“Why would I support someone so intensely if I am not benefitted by it myself? I am sure Kejriwal will come back because he has worked and helped all of us.”
That is how our auto-driver, Madan Lal, (name changed) responded when we quizzed him on why he expressed support for the Aam Aadmi Party government in Delhi despite the fact that he had enthusiastically voted for “Modi ji” in the Lok Sabha elections six months ago.
This sentiment of passionate support, based on policy delivery, was widespread and unanimous among all the auto and taxi drivers we met in the last month and while this does not make for scientific psephology, it does give a sense of the mood amongst the quintessential aam aadmi of Delhi.
The state assembly elections for the National Capital Territory of Delhi are three months away and presents the first real frontal contest that the hegemonic political establishment led by the Modi-Shah dup would face with a (semi) regional electoral competitor. This contest is frontal despite the fact that in terms of electoral competition as well as political significance, AAP finds itself in doldrums. The party’s decline nationally and regionally has been widely discussed and established through analysis of electoral performance.
Source: Collated by authors from ECI & MCD data
From winning 67 out of 70 assembly seats in 2014, AAP was reduced to third place in 47 of these assembly segments in the 2019 general elections. The party’s vote-share fell from 54.3% in the 2015 assembly elections to 18.11% in the general elections 2019.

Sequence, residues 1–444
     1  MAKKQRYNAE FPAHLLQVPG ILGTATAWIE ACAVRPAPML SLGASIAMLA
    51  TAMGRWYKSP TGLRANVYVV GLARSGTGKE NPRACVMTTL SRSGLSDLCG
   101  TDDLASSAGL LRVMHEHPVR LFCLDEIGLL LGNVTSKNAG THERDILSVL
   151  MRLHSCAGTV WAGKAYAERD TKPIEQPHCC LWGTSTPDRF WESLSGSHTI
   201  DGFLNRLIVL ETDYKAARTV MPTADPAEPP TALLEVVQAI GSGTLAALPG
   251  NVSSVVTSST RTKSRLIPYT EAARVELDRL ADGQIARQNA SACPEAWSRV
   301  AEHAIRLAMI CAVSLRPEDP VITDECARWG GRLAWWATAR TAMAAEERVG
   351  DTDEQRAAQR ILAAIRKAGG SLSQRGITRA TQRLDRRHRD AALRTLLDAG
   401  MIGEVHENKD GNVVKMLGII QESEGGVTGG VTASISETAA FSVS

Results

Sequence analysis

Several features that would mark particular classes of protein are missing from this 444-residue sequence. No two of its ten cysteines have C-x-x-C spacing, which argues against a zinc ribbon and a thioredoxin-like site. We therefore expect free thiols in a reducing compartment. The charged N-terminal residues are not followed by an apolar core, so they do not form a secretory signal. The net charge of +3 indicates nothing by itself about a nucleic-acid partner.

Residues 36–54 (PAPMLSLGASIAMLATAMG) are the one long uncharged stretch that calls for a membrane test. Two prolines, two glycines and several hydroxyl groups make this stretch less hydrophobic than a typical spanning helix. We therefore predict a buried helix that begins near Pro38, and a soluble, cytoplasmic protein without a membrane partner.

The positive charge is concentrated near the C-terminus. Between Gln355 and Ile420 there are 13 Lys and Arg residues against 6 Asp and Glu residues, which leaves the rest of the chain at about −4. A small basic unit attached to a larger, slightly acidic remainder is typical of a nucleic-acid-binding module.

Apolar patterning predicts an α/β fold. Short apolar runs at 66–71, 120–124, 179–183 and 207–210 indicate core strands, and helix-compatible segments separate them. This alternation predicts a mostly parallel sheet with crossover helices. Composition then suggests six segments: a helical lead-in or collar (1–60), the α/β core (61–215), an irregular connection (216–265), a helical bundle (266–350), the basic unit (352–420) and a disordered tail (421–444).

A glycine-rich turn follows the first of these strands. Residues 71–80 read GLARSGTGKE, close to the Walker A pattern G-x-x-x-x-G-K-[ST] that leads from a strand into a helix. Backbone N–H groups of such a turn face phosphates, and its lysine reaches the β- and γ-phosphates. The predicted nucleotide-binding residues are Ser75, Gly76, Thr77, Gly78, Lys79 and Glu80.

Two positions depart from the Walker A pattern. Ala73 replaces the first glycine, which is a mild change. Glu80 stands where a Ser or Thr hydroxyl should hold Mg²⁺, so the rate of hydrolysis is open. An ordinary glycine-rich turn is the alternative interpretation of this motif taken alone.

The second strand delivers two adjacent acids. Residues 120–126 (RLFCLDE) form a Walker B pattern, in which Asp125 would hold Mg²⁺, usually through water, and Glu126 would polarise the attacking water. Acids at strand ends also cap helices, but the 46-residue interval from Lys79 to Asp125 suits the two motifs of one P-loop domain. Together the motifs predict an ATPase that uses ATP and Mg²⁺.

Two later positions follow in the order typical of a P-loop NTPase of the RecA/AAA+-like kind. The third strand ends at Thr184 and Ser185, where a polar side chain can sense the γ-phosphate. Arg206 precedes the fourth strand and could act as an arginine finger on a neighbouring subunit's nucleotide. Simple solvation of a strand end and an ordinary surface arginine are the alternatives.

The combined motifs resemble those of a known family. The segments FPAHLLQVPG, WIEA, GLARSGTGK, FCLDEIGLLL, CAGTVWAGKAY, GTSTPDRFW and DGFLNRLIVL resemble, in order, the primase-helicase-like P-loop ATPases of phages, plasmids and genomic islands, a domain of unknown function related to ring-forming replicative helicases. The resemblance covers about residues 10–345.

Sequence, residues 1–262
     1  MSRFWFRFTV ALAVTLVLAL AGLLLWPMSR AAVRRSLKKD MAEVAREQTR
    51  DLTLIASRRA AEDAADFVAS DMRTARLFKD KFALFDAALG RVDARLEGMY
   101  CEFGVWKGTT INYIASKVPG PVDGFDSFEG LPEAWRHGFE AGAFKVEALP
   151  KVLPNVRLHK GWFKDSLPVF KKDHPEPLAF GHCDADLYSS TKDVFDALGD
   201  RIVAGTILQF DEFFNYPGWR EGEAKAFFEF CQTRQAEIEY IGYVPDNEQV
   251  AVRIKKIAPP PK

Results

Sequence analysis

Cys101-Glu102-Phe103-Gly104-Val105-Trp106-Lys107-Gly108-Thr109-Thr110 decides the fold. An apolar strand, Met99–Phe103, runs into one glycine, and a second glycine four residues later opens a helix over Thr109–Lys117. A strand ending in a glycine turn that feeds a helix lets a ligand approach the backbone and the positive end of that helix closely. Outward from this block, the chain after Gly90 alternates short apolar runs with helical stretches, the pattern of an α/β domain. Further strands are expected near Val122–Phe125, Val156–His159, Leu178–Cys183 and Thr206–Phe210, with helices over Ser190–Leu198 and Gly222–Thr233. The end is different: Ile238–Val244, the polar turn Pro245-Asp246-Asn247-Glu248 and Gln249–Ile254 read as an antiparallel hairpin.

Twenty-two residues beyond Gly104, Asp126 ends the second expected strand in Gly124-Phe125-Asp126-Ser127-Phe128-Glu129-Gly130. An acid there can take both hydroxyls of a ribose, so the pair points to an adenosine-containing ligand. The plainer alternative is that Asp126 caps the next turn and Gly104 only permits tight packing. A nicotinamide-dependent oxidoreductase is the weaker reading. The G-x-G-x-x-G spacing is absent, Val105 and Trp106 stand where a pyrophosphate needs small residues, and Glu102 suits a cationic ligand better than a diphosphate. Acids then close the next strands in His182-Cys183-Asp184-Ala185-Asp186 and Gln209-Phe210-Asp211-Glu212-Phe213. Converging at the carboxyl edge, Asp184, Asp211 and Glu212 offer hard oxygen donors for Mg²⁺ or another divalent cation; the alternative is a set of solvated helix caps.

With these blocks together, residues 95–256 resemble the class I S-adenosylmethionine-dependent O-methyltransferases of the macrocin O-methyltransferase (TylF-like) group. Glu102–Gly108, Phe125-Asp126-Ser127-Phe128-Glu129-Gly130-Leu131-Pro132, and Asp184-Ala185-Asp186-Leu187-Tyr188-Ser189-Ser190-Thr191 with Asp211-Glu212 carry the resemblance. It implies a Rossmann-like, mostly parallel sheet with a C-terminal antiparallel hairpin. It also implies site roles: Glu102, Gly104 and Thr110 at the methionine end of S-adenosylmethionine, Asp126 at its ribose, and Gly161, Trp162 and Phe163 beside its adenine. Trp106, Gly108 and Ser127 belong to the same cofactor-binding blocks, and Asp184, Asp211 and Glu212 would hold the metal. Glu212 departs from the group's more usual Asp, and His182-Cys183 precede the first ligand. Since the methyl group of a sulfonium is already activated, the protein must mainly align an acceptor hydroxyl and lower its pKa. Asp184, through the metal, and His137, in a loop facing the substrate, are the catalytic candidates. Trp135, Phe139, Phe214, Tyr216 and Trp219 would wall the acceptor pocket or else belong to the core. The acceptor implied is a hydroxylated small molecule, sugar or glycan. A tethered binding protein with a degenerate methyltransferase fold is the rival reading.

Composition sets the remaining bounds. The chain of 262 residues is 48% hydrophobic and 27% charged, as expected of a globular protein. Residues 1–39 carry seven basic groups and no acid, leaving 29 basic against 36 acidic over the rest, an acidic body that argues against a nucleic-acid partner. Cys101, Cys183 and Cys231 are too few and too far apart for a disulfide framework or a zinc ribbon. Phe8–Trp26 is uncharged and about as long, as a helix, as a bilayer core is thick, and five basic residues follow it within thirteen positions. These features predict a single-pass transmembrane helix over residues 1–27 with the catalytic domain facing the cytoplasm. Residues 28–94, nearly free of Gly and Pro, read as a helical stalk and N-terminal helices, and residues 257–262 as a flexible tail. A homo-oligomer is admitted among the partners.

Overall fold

It is in the context of this steep decline that three major shifts in AAP’s political behaviour are particularly notable.
The most interesting change of course has been the decision to put the assertive demand for full statehood (based on the constitutional principle of progressive democratic representation) on the back burner.
Since the results of the 2019 Lok Sabha elections (in which full statehood was the main election plank) were announced, not a single prominent reference has been made to this core demand. Moreover, AAP has strongly supported the Union government’s decision to de-operationalise Article 370 and reduce the status of the bifurcated state of J&K to a Union Territory. Not only did AAP vote in favour of these legislations in the parliament, it also vocally supported the government’s moves in the public domain.
This clearly unprincipled and hypocritical behaviour is in line with another key shift. It is the shift in its approach towards the BJP-led government, particularly Prime Minister Narendra Modi. Even though second-rung leaders have criticised the policy choices of the Union government, especially in the contexts of economic recession and unemployment, the party and its chief have not directly attacked Modi.
This is especially notable in the context of the humiliating refusal of permission to chief minister Arvind Kejriwal to attend the city chiefs’ meeting at the C40 Climate Summit. Kejriwal, who had called Modi a coward and a psychopath, did not speak about this until much later and in a rather indirect way.
The third shift is palpable in the context of AAP posturing as a local Delhi-based party which has no intent to lead the national ‘anti-Modi’ front. Its slogan of “Delhi mein toh Kejriwal” is symptomatic of its appeal to the voters to consider him as their choice for the mayoral post of the half-state.